Another factor is the changing way families live in the UK. We now have a phenomenon called the Sandwich Generation, where one generation in a family, supports both their children and their parents at the same time. Around 50% of them have dependent children. Of 45-54 year olds, 22% loaned or gave £5000 as an average to their children in the last year and 5% of them gave £2500 to their parents.
While all this is happening, defined pension schemes are declining, household costs are rising and welfare support is changing. Therefore a substantial drop in family income like one person being too ill to work could have devastating repercussions
Why bother then?
So, if you think that ‘it won’t happen to me’, there’s probably hardly any people claiming, so it’s not worth doing, then have a look at these statistics.
The Association of British Insurers ABI, released figures last May for critical illness, income protection and Life cover payouts in 2013. A staggering £3.1 billion was paid out to 99,000 individuals or families in 2013, that’s 270 families every day.
To confirm this research, an insurance company called British Friendly have revealed that they paid out 96% of 5000 income protection claims received over the past five years.
Helen White, the ABI’s Head of Protection, said, “The insurance industry pays out £8.4m every day in individual life, critical illness and income protection insurance claims, making a real difference to people’s lives at some of the most difficult of times with 97% of all claims paid in 2013. At the most stressful times, insurers want to make it as simple and easy as possible for people to claim.
The encouraging news is that the people who are taking out these types of insurance are seeking expert advice so that make sure they are taking out the right type of insurance for their needs. The result of this is that the total percentage of claims being declined has fallen since 2007.
Income protection saw an average claim of £11,500, which was paying out on average for 230 weeks (4 yrs) for those unable to work.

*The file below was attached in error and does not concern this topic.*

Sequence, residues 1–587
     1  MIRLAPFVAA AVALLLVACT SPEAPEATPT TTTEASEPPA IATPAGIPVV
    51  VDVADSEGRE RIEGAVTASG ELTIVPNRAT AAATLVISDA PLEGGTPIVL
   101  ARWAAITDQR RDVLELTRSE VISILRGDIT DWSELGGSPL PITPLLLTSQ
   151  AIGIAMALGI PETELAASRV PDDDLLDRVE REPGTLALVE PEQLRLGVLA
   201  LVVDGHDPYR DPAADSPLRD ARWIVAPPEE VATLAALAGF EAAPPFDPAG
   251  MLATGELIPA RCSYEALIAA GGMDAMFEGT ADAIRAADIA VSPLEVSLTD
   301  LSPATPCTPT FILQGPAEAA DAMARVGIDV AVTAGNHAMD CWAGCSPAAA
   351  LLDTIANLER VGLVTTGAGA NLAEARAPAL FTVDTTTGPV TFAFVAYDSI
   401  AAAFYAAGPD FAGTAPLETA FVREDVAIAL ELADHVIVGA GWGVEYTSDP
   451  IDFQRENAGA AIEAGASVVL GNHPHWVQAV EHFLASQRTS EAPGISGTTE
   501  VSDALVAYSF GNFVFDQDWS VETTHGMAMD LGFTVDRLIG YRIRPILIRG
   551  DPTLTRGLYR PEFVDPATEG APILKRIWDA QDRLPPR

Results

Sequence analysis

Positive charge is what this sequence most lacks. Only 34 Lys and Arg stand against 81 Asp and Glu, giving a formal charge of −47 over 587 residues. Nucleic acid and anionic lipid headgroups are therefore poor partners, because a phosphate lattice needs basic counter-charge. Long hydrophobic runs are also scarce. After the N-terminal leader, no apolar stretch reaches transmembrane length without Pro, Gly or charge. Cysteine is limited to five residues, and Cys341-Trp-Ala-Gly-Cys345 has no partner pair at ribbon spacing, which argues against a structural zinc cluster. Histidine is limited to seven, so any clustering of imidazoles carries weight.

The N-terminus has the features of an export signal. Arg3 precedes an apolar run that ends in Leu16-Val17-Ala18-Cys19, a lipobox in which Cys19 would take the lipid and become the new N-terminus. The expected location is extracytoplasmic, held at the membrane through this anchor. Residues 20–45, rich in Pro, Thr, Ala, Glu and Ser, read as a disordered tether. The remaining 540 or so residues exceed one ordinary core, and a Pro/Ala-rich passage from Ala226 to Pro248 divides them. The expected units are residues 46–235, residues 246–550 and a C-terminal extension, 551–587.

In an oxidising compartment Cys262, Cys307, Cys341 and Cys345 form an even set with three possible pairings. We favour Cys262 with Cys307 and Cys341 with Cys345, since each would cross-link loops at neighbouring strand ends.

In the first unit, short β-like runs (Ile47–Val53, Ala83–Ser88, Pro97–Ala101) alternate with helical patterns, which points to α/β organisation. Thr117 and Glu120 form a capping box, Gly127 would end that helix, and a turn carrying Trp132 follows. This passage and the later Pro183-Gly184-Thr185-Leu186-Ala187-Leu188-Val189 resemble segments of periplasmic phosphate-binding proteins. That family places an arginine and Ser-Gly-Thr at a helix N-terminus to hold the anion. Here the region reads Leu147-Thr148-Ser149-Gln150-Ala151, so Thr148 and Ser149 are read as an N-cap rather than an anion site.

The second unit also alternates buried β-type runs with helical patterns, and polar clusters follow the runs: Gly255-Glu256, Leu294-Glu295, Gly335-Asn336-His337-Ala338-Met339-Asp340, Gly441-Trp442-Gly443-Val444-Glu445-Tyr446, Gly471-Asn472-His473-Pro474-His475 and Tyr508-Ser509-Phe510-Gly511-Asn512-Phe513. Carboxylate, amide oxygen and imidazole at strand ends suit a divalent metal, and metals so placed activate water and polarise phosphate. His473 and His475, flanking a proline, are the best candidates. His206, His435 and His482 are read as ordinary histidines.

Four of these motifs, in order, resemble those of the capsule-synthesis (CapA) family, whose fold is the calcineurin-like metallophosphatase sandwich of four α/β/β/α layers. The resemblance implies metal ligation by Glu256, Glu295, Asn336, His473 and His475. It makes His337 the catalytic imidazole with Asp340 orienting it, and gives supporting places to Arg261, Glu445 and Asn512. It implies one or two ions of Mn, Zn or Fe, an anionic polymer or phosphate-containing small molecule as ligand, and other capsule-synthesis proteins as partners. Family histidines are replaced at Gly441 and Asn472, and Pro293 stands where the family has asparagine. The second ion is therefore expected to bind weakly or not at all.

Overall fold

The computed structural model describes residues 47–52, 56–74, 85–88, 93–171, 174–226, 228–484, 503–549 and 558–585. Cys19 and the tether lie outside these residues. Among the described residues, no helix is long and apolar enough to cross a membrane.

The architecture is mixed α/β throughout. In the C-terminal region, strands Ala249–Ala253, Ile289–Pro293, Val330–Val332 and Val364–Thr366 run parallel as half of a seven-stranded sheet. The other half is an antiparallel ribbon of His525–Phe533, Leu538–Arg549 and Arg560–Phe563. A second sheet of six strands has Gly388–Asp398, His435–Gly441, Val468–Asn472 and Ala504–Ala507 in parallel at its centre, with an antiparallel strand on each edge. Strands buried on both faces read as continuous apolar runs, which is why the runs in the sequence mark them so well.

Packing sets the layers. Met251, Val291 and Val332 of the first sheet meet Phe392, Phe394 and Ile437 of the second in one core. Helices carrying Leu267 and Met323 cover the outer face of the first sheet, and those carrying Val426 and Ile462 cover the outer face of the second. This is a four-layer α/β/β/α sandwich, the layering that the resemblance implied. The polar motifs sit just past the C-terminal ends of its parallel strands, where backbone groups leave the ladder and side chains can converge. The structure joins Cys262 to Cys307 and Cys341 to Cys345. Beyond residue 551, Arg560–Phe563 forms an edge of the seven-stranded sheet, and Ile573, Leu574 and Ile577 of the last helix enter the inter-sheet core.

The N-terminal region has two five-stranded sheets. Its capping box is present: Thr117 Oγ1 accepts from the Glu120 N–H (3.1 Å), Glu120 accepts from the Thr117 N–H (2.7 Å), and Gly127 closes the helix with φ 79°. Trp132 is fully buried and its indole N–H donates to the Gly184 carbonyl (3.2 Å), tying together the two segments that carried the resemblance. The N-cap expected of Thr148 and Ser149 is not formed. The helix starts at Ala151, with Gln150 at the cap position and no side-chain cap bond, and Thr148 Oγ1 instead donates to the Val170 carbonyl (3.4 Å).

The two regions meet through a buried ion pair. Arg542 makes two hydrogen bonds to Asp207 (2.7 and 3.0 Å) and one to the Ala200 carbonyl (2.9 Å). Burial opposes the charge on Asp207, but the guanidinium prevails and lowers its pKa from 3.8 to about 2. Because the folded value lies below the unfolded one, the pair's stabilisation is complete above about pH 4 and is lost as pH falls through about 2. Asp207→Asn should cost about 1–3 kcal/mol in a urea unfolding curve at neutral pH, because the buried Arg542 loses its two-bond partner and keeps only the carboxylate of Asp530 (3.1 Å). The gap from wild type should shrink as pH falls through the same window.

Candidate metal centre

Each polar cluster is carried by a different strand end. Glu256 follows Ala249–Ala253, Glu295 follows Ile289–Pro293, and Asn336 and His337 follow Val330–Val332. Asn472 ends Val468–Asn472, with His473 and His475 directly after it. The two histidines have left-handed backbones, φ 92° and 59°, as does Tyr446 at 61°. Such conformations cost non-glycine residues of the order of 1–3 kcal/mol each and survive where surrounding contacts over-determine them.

Critical Illness had an average payout of £60,400. The number of claims being paid rose from 80% in 2005 to 91.8% in 2013. This has been mainly due to the introduction of ABI’s Code of Practice which clarified individuals’ requirement to share information about their medical backgrounds.
Importantly enough 60% of successful income protection claims do relate to illnesses that would not be under the scope of critical illness cover, so it shows that you need to be careful about the insurances that you have.
It is important to note that the most common reason for claims being declined was non-disclosure of information by an individual when applying to buy the product.
If affordability is your objection then Mortgage Plus have done a recent study which found that the reason almost a third of individuals who did not take up income protection was because they thought that it was too expensive. There are ways to reduce the cost of insurance. Income protection can be bought at a lower premium for people who take care of themselves, such as giving up smoking and reducing alcohol intake.
It’s worth remembering also that your children can get sick too. Children are very resilient, however they can get sick. Many families who have insurance policies in place do not have adequate cover to help them when they need to be at home caring for their child. Mortgage Plus discovered that almost two thirds of people interviewed in a study revealed that they did not know whether their insurances covered their children.
So, the important point here is if we want to protect our home and our way of life, we need to put something else in place to keep the status quo. It pays to be covered and it is worth talking to a financial advisor about the options as there are many different products in the market, some of which may not be viable for your circumstances. Also, it’s not as expensive as you think and what is the price of peace of mind?